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The 2022 100 Year Anniversary of Iceland's First Coins As A Nation

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Iceman

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   One hundred years ago in 1922 Iceland issued there first ever partial set of legal tender coins the 10 and 25 Aurar's.  With a growing nation that was in desperate need for coinage because all the coins used up to that time was from other nation's like Denmark, Norway or they would use tokens that was issued by large merchants companies that was either based in Iceland or Denmark and even the Faroe Islands. Iceland banned the use of tokens prior to 1922 because merchants can manipulate the cost of such things as bread For instead when the consumer tried to pay for a loaf bread using a token they were given in change for one free rye bread the merchant would tell the person at a later date  that the cost of the bread as risen and the token was no longer acquit for the promise of one free loaf of bread causing the consumer to fork over more funds for something they should have been given for free from the get-go.  The first and only coins for this year was the 10 and 25 Aurar minted in Copenhagen Denmark and in 1925 was when the next denominations was produced the 1 Krona (singular)  and 2 Kronur (plural). It took 100 Aurar's  to make a single 1 Krona and in 1926 was when the final three denominations was produced the 1 Eyrir (singular) and the 2 and 5 Aurar's (plural). It took four years to produce the seven coins needed to complete a set of coins comprising of all denominations.

   The 1 Eyrir and the 2 and 5 Aurar's minted by the Copenhagen mint was made of a 95% copper  4% Tin  1% Zink from 1926 to 1939 but they did mint a few 2 Aurar's dated 1940 before the London's Royal Mint in England Took over the mintage of all the coins dated from 1940 -1942 after Denmark was occupied by Nazi Germany. They changed the composition of all the copper coins dated 1940 to 95.5% Cu   3% Sn  1% Zn  but they made one final change for the dated 1942 Copper coins to  97% Cu  0.5% Tn  2.5% Sn . From my understanding according to the records of the Royal Mint the new updated second metal change accrue part way into the production of the 1940 dated 5 Aurar so there are two different metal composition varieties for the 1940 5 Aurar coin but none for the dated 1940 1 Eyrir and 2 Aurar since they were all ready minted. The royal mint did not always produce the individual coin denomination the year that was indicated on the coin and it is believed that some coins was minted as far as two years after the date like some of the coins dated 1942. and the 1940 1 Krona and 2 Kronur was produced as far as into 1944.  On a interesting note Staffen Bjorkman noted in his 15 page summary on Icelandic coins 1918 to1959 he made mention of a 1925 1 Eyrir with a mintage of 4000 pieces which the Icelandic national museum collection never made any mention of one ever having existed but this may only be nothing more then the first batch of 1926 Eyrir's ( 4000 coins ) was just the number of coins that was minted in 1925 for the 1926 Eyrir just like the U.S. mint does by Producing the following year's coins. Record keeping can be a problem if its not written down correctly. There are some interesting varieties for the 1 Eyrir from this time period some known and some not, But that's for another journal.  I have tried to research the Copenhagen mint records online and to no avail I couldn't find any records having to do with the minting of Icelandic coins. Maybe I need to hop on a plane to Denmark.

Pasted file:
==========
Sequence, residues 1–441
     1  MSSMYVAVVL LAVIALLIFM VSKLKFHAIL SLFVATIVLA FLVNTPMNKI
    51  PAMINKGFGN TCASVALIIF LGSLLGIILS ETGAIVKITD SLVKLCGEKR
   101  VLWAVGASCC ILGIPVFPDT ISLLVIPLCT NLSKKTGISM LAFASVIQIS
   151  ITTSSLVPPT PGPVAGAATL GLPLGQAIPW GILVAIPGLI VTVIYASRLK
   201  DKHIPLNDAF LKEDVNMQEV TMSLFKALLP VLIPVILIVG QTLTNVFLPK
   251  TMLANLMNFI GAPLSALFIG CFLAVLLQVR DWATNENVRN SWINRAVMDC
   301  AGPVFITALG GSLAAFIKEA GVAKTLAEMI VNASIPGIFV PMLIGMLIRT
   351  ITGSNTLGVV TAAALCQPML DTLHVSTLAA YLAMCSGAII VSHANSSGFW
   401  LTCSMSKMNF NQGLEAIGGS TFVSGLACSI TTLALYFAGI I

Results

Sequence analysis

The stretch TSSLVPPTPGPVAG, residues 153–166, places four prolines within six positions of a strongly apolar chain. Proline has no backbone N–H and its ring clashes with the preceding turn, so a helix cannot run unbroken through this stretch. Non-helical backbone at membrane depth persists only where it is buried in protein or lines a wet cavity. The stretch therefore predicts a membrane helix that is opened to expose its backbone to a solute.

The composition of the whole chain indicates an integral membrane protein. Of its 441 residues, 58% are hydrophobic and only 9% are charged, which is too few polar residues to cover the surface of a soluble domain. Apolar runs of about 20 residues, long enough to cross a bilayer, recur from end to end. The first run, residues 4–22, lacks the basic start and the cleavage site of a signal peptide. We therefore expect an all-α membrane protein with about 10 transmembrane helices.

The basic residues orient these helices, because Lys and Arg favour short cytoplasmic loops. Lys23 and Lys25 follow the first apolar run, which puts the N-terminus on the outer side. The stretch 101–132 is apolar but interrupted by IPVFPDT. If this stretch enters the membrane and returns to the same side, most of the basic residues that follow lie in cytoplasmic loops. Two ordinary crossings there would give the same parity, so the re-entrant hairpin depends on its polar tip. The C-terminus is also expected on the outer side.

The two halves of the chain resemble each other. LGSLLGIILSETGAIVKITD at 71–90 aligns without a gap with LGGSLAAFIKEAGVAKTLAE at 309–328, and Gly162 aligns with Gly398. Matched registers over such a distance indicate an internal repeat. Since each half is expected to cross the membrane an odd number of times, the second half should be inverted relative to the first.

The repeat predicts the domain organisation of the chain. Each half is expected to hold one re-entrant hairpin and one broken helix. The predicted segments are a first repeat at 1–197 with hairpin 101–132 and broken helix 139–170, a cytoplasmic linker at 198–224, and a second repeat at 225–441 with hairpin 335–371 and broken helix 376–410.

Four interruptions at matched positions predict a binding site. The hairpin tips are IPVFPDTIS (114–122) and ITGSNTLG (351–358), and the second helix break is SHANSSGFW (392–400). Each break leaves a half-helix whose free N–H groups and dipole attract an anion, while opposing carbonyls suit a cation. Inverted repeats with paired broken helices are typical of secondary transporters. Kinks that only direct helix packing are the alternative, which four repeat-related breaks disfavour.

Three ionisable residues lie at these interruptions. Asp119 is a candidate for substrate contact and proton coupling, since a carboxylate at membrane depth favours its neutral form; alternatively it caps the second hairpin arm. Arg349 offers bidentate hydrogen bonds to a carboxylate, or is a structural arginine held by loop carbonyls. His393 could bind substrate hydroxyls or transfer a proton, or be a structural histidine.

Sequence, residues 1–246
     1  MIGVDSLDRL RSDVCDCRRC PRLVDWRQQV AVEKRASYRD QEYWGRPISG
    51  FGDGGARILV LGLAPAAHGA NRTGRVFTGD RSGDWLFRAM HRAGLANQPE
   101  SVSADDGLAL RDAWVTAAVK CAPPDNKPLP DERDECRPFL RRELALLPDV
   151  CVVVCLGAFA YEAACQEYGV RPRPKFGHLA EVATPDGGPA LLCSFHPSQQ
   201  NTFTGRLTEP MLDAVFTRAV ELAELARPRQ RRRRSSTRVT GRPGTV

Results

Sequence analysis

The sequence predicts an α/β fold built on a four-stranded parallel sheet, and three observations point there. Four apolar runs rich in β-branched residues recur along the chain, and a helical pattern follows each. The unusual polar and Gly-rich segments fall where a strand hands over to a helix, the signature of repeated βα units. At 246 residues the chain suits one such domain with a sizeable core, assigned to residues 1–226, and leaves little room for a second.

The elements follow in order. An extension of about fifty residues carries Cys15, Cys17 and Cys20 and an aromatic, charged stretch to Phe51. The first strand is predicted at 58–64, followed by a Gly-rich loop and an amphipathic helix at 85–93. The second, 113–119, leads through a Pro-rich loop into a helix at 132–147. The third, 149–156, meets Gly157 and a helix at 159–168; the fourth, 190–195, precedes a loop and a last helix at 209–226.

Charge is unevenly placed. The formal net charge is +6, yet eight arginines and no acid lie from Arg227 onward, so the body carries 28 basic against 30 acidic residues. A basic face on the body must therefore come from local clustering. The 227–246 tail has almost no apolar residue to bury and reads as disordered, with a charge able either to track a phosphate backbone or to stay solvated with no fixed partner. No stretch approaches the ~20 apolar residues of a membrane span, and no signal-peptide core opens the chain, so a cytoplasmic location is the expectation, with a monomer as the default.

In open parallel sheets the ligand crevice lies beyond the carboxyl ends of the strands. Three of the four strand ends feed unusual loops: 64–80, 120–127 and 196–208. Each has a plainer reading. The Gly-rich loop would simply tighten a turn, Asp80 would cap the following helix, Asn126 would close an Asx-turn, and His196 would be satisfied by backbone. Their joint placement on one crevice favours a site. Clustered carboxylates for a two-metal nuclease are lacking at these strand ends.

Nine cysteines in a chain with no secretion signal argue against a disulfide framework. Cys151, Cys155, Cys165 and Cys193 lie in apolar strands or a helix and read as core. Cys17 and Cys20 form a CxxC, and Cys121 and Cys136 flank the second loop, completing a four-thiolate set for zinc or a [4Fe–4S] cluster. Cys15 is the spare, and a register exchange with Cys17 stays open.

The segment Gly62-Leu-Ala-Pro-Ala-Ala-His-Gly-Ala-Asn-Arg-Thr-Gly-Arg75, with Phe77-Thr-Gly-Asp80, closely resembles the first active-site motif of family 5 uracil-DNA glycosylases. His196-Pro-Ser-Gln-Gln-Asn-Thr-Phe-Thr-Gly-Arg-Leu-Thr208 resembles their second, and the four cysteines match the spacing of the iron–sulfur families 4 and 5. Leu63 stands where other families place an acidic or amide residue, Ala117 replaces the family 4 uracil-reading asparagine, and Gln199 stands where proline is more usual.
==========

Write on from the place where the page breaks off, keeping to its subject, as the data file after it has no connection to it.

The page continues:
Thank you  for reading my journal entry and I'm going to write more about the mintage of Iceland Kingdom Era coinage in my near upcoming  journals       

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This information on the Icelandic monetary system is really interesting. Especially, since I went to Iceland in October for my daughter's wedding. Concerning Iceland, I loved it! It was quite an adventure. We may return at some point in the future to visit the sites we didn't have time to visit because of the wedding. Iceman, did you get a chance to read the post I wrote about my visit? If not here's the link.   

 

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Yes, please continue to use the journal to post your valuable information on the coinage of Iceland.  Although you may not think there are many people that view the journals section of this site, your posts will be indexed by Google so anyone searching on keywords in your post should be able find it.

Edited by jgenn
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On 2/14/2022 at 3:26 PM, coinsbygary said:

This information on the Icelandic monetary system is really interesting. Especially, since I went to Iceland in October for my daughter's wedding. Concerning Iceland, I loved it! It was quite an adventure. We may return at some point in the future to visit the sites we didn't have time to visit because of the wedding. Iceman, did you get a chance to read the post I wrote about my visit? If not here's the link.   

 

Hi Gary

I'm so happy you made to Iceland to have your daughters wedding and from the looks of your photo you had a blast. I have not been on the site for some time but I will take the time to read your post. Congrats to your daughter and son in-law and I wish them the best for the future.

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On 2/15/2022 at 12:03 AM, jgenn said:

Yes, please continue to use the journal to post your valuable information on the coinage of Iceland.  Although you may not think there are many people that view the journals section of this site, your posts will be indexed by Google so anyone searching on keywords in your post should be able find it.

Thank you jgenn for the info and I will add more entry.

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